In my head, this hurts to consider. In my heart, I know this is impossible. Yet in my hands I see actions to try and appease this pressure, to ease this tension between my human limitations and technological opportunities.

There is the problem: I am trying to do the impossible.

After dissecting the problem of how much I should interact with all the things I learn, I have no answer for how to do away with the tension. I do, however, have some remarks regarding how to live with it. I have no doubt that other people, possibly including you, live with this problem as well. As such, we should remain aware of both this pressure to interact with all events and people, and our inherent limitations as humans. We can only think, feel and do to an extent–to say this another way, our energy has an end.

I see some detrimental results of this pressure in myself. The first is that I tend to feel jealous of the people whom are doing exciting things. To combat this, I have learned to focus on two thoughts: surely their lives aren’t always glamorous, and even if they are, their life is not my life. God has made me a unique person with a unique life, and my unique life cannot be compared with another person’s unique life; in essence, I practice God-centered contentment (see 1 Timothy 6:6-8). God is taking me on a journey of my own, and he loves me individually. This is true for everyone, including you. I don’t always remember to fight jealousy with contentment: sometimes I let jealousy get the best of me. If this happens to you as well, know you are not alone and that God will never leave you for any reason, but will help you let go of the jealousy if you let him.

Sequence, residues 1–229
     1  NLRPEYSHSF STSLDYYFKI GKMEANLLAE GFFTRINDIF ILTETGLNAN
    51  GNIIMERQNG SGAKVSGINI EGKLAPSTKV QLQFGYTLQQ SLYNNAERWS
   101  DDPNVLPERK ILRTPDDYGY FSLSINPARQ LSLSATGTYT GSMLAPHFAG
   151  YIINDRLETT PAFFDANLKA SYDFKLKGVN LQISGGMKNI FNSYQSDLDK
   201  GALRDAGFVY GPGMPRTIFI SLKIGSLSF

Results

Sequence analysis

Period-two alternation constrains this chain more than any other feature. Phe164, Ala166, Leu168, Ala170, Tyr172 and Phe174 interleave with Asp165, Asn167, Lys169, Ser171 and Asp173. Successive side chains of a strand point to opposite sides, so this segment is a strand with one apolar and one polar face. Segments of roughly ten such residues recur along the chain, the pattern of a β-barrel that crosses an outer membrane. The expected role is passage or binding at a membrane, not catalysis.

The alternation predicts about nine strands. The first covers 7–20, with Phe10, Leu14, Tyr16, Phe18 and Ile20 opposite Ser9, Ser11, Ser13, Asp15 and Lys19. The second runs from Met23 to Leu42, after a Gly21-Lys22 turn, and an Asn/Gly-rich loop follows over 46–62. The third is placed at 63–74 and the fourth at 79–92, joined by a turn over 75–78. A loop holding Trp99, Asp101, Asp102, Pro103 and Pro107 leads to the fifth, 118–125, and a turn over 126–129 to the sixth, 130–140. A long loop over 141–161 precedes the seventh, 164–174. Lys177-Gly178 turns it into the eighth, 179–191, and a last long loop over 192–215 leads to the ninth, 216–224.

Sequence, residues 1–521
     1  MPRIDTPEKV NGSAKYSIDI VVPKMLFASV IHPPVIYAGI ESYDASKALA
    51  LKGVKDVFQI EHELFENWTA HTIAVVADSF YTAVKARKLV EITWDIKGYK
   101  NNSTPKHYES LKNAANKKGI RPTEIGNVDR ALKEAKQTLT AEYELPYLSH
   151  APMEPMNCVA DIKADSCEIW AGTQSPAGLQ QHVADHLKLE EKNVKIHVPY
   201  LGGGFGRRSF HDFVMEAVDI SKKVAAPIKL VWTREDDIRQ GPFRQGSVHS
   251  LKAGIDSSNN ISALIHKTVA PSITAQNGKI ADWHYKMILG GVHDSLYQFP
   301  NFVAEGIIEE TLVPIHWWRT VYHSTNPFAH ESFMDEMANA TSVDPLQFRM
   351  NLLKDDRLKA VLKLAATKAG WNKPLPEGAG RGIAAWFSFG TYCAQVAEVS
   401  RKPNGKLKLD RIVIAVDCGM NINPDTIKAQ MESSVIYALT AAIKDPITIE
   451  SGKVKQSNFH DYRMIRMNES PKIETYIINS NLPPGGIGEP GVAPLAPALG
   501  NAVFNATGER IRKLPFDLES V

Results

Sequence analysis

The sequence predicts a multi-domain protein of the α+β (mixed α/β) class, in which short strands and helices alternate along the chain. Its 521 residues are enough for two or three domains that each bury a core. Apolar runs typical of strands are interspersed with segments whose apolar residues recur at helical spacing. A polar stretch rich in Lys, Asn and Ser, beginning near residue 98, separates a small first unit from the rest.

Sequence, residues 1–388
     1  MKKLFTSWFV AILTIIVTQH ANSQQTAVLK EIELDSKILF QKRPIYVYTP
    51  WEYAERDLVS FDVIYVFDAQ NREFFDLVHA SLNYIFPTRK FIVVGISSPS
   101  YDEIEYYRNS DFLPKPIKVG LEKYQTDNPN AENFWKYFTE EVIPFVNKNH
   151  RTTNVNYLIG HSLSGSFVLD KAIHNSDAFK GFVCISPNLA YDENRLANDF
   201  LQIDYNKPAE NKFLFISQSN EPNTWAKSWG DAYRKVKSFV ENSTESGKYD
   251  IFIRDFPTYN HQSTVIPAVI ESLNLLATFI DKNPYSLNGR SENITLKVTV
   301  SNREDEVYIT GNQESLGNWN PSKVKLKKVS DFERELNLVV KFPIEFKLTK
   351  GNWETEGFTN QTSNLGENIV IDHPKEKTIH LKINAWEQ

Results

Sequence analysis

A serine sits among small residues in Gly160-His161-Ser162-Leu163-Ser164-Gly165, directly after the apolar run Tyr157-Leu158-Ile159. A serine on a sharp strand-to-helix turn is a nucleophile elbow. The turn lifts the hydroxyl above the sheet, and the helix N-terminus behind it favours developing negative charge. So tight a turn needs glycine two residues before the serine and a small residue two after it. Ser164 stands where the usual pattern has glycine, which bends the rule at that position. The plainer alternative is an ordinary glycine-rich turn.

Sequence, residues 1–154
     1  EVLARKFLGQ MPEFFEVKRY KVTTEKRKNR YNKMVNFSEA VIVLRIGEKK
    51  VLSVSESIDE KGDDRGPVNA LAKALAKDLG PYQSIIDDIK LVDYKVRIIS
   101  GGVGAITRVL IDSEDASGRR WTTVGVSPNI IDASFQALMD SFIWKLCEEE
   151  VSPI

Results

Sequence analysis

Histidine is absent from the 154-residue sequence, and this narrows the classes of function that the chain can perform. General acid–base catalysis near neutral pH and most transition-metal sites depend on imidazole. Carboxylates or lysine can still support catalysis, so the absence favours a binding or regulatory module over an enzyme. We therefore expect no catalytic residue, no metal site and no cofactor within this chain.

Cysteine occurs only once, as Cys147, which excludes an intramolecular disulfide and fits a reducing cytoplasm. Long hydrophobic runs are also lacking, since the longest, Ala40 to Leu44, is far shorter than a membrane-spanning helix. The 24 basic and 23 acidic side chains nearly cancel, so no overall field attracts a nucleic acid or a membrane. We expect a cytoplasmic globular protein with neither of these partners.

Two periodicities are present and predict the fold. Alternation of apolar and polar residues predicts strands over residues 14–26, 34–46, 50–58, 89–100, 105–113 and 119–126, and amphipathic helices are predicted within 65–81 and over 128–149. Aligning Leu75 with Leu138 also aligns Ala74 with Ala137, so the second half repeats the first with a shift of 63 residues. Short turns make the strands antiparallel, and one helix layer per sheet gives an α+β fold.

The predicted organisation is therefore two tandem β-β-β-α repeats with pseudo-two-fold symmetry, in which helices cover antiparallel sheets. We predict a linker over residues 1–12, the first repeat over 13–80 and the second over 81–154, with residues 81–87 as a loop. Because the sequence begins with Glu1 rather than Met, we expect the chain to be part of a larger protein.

The second consequence of this pressure of whether or not to interact with all things of which we become aware is that I grow dissatisfied with my own “slow” and “dull” life. One way I have found to counter this discontentment is to take an honest look at my past. After doing so, I realize my life has not been slow and dull; no, many times it has been quite the contrary. Your life probably hasn’t been slow and dull either, if you’re honest with yourself. Also, God uses all situations to help his children grow and mature: the fast- and slow-paced, the exciting and the dull, the painless and the painful (see Romans 8:28).

Ultimately, I am convinced that we should remain aware of this pressure between knowledge and interactions with distant events and people, and ask God for wisdom to decide with which we will interact and which we will let happen without our involvement.

“For everything there is a season, and a time for every matter under heaven: …

A time to cast away stones, and a time to gather stones together;

A time to embrace, and a time to refrain from embracing;

A time to seek, and a time to lose;

A time to keep and a time to cast away.”

— Ecclesiastes 3:1, 5-6